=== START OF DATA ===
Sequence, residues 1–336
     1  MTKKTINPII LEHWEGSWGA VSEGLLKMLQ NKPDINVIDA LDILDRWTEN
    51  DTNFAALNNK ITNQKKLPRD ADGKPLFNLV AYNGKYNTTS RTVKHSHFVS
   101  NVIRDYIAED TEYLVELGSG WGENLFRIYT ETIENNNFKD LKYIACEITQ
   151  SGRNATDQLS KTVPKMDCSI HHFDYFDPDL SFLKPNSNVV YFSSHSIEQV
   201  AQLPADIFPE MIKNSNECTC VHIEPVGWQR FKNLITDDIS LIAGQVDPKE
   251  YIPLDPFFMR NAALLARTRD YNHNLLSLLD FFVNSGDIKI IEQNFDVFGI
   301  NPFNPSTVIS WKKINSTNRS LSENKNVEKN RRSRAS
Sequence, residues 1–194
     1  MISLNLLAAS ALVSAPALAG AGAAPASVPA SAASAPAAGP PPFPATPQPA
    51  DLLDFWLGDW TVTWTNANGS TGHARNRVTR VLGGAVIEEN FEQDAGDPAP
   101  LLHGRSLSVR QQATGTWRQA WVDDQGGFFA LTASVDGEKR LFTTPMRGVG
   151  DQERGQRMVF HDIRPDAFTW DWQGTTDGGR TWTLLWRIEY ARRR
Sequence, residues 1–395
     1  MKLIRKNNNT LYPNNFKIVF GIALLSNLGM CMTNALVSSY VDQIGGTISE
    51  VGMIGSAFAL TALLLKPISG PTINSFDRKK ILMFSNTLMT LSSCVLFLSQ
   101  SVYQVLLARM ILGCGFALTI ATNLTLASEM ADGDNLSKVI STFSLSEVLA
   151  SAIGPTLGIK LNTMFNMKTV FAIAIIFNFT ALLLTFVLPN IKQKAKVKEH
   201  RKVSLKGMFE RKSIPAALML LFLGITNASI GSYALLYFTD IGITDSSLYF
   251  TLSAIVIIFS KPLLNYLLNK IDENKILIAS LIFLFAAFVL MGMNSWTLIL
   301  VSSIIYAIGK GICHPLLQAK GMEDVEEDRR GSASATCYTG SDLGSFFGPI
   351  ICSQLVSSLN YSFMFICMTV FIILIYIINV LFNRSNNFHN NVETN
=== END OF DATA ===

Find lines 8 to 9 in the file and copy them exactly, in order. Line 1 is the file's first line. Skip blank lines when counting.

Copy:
   301  NPFNPSTVIS WKKINSTNRS LSENKNVEKN RRSRAS
Sequence, residues 1–194